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Daily Archives: December 18, 2011

So there are adoptees who couldn’t care less…

I read a recent motherlode blog post titled Why I didn’t search for my daughters birth parents.  Nothing to say about the post itself, but as per usual I read a selection of the comments.  Can’t tell you anything about the comments except for one that stuck in my mind and wouldn’t let go, so I am going to break my feelings down here.

The comment was made by a friend of the parents whose children are now adult adoptees.  Telling not only the parents story, and what they did, but also the adult adoptees stories.  With enough facts that if you were one of the family, or knew the family being talked about, you could probably guess who it was about.

Usually it doesn’t bother me too much when people bring out their stories of my friend, or a friend of my cousins brother in-law, but the first trigger is the extraneous details not needed that I am not including below.  Use the story but at least keep it generic – I have friends who adopted children who are now adults… 

“They encouraged all of them to keep in contact with relatives there, but one daughter refused. My friends did keep in touch with her family, however, and eventually persuaded her to at least meet them.  She said, though, that she knew who her family was, and felt no need to have another.  So there are adoptees who couldn’t care less. Her siblings were more receptive to their birth families.”

The second trigger is dragging out the “see some adoptees don’t think about their other families and the adoptive family is enough” stereotype pitting the good adoptee against the bad adoptee, that came through loud and clear with the “So there are adoptees who couldn’t care less” part of the statement. 

Perhaps the adoptee didn’t care, she isn’t here to tell us and it was the commenter who provided that couldn’t care less judgement of what the adoptee felt.  If the adoptee had said it then the commenter would have stated: She said, though, she couldn’t care less and that she knew who her family was, and felt no need to have another.  But the commenter didn’t state that – she added her own narrative to the story saying So there are adoptees who couldn’t care less without knowing what the adoptee in question actually felt, or didn’t feel, because it was third hand information.  That triggered me.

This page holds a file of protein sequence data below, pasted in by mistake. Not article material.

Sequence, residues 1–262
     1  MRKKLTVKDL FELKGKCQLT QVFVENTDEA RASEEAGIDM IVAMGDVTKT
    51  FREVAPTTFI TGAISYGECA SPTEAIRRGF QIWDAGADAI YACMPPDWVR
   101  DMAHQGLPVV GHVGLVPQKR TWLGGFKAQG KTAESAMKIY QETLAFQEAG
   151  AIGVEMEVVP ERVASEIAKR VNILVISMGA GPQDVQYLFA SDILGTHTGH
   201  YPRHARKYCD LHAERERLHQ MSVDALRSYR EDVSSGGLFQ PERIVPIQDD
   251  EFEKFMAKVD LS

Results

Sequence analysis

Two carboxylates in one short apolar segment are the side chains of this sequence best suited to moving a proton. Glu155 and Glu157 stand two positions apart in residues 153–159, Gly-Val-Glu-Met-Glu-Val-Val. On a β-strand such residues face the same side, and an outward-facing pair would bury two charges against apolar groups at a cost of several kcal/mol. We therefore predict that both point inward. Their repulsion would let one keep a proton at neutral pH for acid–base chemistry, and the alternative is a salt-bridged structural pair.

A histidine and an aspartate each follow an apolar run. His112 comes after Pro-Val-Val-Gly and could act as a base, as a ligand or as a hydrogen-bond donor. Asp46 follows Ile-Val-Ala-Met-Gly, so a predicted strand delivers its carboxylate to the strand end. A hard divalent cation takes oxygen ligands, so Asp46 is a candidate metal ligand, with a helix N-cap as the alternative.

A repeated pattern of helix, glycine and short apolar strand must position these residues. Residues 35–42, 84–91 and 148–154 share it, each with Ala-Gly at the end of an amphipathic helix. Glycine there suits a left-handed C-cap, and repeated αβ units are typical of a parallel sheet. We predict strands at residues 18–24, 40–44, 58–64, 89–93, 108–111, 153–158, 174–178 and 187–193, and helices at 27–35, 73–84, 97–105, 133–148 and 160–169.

Whatever reason the adoptee chose not to have a relationship is her own.  I doubt it was as cut and dried and callous as the commenter makes it out to be.  Adoptees are human beings, not paper dolls after all, and as humans we are capable of making complex emotional and rational decisions, based on what is best for us at that time and place in our lives.  And like many of the decisions we make in life, we don’t always lay out exactly what thoughts and considerations went into making that decision, especially to a parent to pass on to a friend of that parent. 

When I hear stories related by others they always make it seem so cut and dried, easy, no thought or emotion invested – the answer given is the sum total of all her feelings.  As an adoptee I can come up with multiple reasons that may have been part of her thought process to come up with her decision to not have a relationship.  Any adoptee can run through the different thoughts and feelings they have had at one point or another.  We all have complex stories to unravel with complex feelings that change at different times, throughout our lives.  Shadow has talked about how she never thought much about adoption until she got her diagnosis, and then the emotions and the processing started.  I thought about being adopted from the time I was a child, and processed different parts, at different stages, and have had a myriad of different feelings and thoughts on being adopted.  We are all unique. We all go through the process different, and feel different, at different times.  Why is that so hard for people to understand?

My story is different from every other adoptees story, except the fact that we were all adopted.  The same can be said for every adoptee.  Being adopted is different for everyone.  Why do people think that there are only two models of adoptees – good adoptees or bad adoptees.  And if there are only two models adoptees come in, then that also means they see us as merely shallow versions of human beings, and perhaps more like cute chains of paper dolls, which model should I pick my child from. That is the view I think some people have of adoptees and that sucks.

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Posted by on December 18, 2011 in Adoption, adoptive parents

 

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